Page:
4 Burst results for "Marie Rothbart"

"marie rothbart" Discussed on The Charlie Kirk Show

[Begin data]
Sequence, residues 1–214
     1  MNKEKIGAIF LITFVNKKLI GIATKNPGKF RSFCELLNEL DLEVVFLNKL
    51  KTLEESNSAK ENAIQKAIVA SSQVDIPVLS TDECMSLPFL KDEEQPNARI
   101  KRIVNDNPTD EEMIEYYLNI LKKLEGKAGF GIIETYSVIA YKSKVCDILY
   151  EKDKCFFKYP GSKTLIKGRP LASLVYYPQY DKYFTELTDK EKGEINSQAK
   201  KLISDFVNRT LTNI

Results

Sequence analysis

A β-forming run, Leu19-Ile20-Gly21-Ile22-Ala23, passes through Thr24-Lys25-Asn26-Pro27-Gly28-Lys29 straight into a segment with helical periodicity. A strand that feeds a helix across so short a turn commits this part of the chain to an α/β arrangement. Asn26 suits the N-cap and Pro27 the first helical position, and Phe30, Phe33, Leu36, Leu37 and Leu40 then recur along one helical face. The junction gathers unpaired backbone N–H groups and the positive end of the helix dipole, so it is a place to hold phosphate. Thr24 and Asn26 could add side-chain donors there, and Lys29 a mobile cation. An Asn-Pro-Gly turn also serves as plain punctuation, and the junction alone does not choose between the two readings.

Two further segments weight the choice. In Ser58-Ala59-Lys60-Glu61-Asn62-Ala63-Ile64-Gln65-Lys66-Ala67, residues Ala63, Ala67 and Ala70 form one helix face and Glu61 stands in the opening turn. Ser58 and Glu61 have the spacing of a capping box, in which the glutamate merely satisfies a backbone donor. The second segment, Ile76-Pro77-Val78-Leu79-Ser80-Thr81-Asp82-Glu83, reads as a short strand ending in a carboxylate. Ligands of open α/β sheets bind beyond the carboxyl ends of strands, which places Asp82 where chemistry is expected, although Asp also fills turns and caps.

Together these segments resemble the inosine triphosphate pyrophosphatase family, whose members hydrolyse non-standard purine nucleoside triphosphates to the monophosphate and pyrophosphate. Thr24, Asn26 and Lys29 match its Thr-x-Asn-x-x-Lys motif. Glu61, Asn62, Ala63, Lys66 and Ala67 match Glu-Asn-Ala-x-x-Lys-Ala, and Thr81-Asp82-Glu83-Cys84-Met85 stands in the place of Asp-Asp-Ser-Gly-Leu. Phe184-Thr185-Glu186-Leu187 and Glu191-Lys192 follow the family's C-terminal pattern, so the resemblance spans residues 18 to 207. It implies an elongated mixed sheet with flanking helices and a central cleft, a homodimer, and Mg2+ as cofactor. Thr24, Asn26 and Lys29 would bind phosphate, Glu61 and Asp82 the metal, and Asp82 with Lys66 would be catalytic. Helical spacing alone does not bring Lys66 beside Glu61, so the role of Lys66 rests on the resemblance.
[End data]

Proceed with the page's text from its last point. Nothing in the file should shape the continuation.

The Charlie Kirk Show

08:09 min | 3 months ago

"marie rothbart" Discussed on The Charlie Kirk Show